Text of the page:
The removal of Dr. Prisco Nilo as director of the PAGASA due to “differences” with  his “immediate superior” shows that the current government would rather fire the messsenger than upgrade the bureau’s capacity to prepare for typhoons and disasters.

If government continues to blame the scientists instead of providing funds to upgrade their measurements, the brain drain that has gone on for so long will be difficult to reverse.

Patriotic scientists who have opted to stay on despite low wages, general lack of research and development funds and local opportunities will be driven off instead of being useful to national development.

Nilo becomes President Benigno Aquino 3rd’s scapegoat for the National Disaster Coordinating Council (NDCC) and his government’s being unable to respond correctly to the recent typhoon.

Dr. Nilo’s removal was some three weeks after Aquino publicly scolded the weather bureau for failing to predict that typhoon Basyang would pass over Metro Manila. Saying that Nilo “never really bothered to explain” why Typhoon Basyang moved in a different direction shows how the president and the NDCC understands typhoon preparedness.

There are two sides to this coin. The first requires us to understand the nature of typhoons. Typhoons are really large masses of air that are spinning and moving over land and sea. Much like a spinning top will be affected by the surface it is moving on, typhoons can change course depending on the local conditions of its landfall and other nearby weather systems. The predicted course given by PAGASA is obtained from an initial prediction from mathematical models which is then updated to take into account possible changes. The bulletins are then corrected and reissued every six hours. The predicted course is thus useful within the accuracy and precision that their models and updates can give.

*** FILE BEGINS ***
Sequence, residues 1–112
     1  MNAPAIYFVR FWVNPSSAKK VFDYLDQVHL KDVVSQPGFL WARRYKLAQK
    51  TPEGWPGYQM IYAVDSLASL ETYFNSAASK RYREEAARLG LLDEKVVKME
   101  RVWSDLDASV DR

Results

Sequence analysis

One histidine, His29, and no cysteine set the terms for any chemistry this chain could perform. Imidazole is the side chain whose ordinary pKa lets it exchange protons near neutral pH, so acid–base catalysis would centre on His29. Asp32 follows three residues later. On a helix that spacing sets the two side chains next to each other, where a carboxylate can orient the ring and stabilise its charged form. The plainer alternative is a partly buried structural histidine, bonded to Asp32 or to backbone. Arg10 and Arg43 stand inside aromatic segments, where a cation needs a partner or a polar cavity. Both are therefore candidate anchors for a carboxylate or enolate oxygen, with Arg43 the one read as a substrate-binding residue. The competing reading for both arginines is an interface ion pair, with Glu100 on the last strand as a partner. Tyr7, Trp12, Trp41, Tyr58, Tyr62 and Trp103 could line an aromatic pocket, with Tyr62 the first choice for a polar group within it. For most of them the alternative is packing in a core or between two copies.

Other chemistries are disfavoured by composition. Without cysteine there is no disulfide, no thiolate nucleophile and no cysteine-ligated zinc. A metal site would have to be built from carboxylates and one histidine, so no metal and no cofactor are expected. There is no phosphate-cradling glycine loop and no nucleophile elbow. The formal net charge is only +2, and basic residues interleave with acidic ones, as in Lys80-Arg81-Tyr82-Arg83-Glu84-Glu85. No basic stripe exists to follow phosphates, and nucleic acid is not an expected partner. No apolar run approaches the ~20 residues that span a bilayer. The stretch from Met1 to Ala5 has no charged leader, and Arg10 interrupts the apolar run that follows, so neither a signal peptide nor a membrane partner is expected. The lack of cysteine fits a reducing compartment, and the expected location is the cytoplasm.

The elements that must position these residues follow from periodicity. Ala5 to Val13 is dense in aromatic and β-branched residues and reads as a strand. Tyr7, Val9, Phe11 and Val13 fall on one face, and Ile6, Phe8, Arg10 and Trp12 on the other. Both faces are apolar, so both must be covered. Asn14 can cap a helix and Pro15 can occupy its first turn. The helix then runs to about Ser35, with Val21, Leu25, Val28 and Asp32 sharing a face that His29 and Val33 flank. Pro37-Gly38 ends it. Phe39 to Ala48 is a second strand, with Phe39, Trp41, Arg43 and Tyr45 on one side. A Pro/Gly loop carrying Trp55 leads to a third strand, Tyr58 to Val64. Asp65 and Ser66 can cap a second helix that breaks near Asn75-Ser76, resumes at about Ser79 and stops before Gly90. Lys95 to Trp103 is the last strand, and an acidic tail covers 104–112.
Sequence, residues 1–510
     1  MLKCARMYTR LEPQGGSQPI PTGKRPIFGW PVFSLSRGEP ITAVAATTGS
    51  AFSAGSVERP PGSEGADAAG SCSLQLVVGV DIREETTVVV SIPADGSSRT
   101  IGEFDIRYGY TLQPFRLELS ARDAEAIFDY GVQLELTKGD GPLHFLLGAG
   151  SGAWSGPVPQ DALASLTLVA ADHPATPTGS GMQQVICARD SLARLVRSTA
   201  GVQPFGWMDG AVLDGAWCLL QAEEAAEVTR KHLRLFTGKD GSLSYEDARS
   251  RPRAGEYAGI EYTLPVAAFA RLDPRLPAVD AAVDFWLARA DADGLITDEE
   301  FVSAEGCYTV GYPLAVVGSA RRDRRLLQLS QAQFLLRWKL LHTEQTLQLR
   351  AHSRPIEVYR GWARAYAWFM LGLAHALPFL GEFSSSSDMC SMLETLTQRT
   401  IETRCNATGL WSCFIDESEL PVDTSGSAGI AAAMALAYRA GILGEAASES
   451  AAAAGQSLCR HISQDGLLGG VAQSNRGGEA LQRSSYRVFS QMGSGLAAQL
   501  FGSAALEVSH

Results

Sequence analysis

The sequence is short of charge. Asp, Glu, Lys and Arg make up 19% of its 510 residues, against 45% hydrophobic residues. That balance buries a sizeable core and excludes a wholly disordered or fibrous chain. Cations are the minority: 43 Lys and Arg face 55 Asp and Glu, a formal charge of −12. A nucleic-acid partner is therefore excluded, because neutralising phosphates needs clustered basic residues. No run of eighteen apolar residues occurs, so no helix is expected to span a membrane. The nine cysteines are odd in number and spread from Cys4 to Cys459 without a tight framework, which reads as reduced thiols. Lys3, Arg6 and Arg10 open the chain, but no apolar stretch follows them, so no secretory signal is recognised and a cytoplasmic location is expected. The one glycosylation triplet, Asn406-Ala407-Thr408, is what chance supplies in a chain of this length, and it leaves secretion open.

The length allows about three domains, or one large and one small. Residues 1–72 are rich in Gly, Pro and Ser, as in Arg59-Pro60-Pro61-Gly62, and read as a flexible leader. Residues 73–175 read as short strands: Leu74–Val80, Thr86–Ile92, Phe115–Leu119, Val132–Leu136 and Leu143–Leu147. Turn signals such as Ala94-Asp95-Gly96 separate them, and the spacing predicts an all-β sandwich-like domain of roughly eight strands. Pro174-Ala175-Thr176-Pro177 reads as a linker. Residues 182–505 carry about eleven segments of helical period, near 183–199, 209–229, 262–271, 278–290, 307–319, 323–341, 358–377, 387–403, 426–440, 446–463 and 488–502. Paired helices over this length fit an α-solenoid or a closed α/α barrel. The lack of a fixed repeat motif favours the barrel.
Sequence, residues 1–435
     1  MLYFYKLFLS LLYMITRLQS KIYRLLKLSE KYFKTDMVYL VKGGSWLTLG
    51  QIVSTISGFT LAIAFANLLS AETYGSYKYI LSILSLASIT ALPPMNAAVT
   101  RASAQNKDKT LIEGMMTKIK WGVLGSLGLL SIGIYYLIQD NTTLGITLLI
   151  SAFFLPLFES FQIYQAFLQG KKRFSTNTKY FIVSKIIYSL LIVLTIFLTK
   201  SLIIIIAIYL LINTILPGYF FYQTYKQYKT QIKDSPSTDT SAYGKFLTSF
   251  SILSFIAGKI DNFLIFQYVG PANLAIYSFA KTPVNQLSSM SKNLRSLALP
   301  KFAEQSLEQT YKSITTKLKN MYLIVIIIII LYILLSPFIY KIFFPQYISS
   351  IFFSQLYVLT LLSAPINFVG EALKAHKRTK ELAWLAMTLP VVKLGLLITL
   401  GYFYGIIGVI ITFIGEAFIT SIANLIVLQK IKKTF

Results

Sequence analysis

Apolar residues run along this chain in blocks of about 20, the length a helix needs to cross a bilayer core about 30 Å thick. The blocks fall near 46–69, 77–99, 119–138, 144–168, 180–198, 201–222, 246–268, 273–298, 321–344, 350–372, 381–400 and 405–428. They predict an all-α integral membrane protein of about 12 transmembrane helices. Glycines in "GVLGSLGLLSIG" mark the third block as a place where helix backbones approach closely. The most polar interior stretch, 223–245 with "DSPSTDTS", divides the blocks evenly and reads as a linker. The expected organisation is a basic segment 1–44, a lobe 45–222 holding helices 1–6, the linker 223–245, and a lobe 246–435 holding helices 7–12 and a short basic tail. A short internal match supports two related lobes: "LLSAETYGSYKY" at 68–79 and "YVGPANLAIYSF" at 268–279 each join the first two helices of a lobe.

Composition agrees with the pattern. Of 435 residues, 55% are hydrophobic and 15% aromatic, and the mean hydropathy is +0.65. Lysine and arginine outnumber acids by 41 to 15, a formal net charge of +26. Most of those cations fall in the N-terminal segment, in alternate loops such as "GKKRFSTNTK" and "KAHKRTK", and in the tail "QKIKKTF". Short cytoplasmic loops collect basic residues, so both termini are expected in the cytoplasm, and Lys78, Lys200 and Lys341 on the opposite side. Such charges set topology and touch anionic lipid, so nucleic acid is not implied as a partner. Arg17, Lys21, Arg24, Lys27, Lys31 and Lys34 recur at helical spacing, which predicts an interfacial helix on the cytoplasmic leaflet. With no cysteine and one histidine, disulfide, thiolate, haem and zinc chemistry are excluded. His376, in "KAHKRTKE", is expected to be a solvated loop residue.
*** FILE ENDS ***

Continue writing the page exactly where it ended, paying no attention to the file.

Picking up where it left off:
One should only expect accuracy within the capability of the measuring device. To require more from PAGASA, the president should have asked what equipment and human resources is needed instead of putting blame on its department head.

In preparing for a typhoon, especially one that is covering a large area and strong winds, it is therefore not just a matter of alerting one region but ramping up the disaster readiness for the adjoining regions and cities as well. If PAGASA has pointed out that Central Luzon will be along the main path of the typhoon earlier in the day, the NDCC could have been prudent enough to alert Metro Manila and adjoining areas as well.

NDCC should have been more proactive in asking for updates instead of waiting for PAGASA to update their bulletin. PAGASA can tap the wealth of information that is available from nearby countries and websites to add to their models and predictions to generate more frequent bulletins.

Government should fully tap the potential of local scientific community by providing more research and development funds, better opportunities and jobs as well as adequate compensation. One way to do this is to embark on a program to build local industries for domestic production where our scientists and engineers can fully realize their skills.#


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